A brighter future for the EU patent
11 EU member states have decided to move towards an EU patent under an enhanced cooperation aiming to reduce costs of patenting in the EU.
Progress towards implementation of the long desired EU patent has until now been hindered by disagreements between the EU member states regarding translation requirements. However, at a meeting at the Council of the European Union on 10th December it was decided by a group of member states to ask the Commission to present a formal proposal for initiating a so-called “enhanced cooperation” to move ahead on the creation of an unified EU patent system. An enhanced cooperation is a last resort option when at least nine member states agree to proceed to reach a goal for which unanimity cannot be reached by all member states. At the meeting the sufficient number of states, i.e. Denmark, Germany, Estonia, France, Lithuania, Luxembourg, the Netherlands, Slovenia, Finland, Sweden and the UK, thus authorised the Commission to submit the legislative proposal, which will be submitted on 14th December.
It is expected that the EU patent emerging from the enhanced cooperation will significantly reduce costs for translations by letting the European Patent Office prosecute the application in English, German or French with no further immediate translations required. The states supporting the enhanced cooperation are all parties to the London Agreement and thus already have reduced translation requirements compared to other member states/EPC-countries. However, the EU patent system may allow a further reduction of the translation costs by no longer requiring a translation of the patent claims, and moreover it may also provide a simplified procedure for validation of the patent once granted. Additional expectations from the EU patent system are that machine translations of published patent applications will be made available on demand, online and free of charge.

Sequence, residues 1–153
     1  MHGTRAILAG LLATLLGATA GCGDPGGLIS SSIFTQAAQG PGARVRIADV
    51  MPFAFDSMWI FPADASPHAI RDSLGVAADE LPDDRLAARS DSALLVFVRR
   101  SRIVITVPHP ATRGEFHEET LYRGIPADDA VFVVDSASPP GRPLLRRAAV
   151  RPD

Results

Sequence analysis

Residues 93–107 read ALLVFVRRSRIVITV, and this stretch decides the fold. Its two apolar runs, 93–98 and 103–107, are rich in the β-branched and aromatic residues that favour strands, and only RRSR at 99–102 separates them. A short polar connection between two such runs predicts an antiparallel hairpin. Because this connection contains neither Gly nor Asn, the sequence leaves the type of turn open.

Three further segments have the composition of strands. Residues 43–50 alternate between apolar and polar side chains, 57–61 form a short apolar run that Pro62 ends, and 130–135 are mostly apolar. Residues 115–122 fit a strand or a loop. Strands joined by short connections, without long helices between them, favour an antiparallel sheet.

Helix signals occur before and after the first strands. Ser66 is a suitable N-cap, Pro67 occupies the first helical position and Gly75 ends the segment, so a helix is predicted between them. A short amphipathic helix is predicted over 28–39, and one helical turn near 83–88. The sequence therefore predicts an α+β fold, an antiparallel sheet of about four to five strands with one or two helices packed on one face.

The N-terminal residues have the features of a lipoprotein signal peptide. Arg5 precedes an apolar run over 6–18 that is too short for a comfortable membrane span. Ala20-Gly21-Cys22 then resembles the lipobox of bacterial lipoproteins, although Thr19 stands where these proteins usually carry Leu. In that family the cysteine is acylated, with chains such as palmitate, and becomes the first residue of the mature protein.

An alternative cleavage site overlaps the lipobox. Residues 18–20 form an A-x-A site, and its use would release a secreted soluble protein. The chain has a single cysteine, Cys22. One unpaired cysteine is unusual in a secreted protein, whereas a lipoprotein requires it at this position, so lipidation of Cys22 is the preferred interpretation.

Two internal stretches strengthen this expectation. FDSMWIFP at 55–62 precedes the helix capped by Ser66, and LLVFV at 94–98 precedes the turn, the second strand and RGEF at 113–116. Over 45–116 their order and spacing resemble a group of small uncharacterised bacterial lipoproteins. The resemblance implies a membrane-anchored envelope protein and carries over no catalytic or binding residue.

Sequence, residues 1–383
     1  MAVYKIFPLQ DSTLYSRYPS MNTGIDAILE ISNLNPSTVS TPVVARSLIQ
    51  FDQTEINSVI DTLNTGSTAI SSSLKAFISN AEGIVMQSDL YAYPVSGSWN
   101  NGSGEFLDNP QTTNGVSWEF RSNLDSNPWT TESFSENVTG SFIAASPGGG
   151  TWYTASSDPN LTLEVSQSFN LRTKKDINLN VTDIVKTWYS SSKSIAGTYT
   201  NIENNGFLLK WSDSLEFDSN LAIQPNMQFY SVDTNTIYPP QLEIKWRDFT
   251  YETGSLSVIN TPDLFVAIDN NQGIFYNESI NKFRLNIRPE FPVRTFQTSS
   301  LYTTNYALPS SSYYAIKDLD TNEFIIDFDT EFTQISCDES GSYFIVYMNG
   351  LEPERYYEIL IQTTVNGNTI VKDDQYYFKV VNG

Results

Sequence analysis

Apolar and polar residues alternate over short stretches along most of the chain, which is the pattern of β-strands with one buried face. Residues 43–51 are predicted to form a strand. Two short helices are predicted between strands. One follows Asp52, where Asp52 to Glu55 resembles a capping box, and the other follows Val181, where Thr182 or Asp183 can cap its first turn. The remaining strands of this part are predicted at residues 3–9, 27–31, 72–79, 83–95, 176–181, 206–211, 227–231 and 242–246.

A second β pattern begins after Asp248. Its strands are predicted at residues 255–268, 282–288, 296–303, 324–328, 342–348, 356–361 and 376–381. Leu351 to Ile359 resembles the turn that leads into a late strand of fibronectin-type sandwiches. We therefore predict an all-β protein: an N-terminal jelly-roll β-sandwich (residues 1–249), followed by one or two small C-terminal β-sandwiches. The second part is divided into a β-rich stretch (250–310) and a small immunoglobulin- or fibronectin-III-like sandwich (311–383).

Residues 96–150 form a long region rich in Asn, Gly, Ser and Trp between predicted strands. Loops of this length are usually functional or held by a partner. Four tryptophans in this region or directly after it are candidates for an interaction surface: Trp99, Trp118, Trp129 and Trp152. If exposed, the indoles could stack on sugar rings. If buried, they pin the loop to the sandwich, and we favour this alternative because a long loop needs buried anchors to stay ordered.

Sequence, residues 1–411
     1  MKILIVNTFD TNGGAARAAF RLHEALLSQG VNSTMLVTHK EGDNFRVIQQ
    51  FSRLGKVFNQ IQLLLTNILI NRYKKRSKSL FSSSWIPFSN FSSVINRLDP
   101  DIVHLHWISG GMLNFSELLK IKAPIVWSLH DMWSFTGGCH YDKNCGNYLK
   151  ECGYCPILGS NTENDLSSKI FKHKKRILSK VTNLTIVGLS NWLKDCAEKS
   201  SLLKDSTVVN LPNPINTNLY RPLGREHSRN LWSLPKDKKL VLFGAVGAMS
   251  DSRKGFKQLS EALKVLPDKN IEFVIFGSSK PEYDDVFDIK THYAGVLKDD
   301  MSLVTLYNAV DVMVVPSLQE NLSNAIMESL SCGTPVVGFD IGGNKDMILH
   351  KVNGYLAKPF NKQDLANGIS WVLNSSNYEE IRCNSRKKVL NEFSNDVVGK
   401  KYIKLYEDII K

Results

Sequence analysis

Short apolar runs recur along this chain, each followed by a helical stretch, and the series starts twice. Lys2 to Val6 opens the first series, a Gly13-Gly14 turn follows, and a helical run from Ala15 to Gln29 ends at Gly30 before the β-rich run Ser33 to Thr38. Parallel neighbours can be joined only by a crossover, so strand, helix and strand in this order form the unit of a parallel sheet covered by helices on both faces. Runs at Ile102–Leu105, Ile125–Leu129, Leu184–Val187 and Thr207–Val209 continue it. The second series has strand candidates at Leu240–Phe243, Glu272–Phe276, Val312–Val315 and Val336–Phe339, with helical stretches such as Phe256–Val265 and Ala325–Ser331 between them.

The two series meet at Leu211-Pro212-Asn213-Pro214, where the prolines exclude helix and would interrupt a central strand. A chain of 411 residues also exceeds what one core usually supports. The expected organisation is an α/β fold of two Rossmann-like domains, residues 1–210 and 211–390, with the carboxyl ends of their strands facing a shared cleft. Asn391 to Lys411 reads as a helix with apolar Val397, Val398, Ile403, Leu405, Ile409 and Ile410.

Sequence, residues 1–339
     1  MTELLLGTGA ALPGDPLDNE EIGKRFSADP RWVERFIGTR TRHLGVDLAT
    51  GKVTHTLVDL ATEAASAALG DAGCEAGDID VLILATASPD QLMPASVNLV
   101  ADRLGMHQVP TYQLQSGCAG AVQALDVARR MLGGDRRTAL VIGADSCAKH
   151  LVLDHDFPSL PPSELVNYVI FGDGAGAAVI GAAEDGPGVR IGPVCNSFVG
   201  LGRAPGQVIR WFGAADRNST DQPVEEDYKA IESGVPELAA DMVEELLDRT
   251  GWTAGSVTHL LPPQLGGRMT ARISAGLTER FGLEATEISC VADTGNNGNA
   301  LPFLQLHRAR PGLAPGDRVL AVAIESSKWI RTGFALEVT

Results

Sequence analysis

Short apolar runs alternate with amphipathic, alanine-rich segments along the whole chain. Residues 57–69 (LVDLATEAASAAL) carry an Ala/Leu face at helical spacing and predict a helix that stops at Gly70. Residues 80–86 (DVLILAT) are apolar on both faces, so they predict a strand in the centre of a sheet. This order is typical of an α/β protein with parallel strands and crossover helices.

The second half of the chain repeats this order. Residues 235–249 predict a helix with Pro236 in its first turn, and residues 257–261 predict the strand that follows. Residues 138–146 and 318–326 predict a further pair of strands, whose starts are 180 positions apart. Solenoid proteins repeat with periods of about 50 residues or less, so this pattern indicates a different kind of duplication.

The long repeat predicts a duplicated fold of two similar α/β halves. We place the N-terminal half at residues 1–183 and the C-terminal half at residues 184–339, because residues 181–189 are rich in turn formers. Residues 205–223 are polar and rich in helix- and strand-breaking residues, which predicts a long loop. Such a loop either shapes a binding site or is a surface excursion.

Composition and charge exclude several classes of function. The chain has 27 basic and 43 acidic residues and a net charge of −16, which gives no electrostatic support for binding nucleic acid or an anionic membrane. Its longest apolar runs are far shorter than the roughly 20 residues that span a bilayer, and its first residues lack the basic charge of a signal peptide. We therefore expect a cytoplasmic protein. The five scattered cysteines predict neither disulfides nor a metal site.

When the enhanced cooperation is implemented it will be open to other member states wishing to join in.
Keep track of the progress of the EU patent system on the websites of the Council: http://www.consilium.europa.eu/app/newsroom/PressHome.aspx?id=221&lang=EN and the Commision: http://ec.europa.eu/news/index_en.htm
Anders Heebøll-Nielsen, European Patent Attorney, Awapatent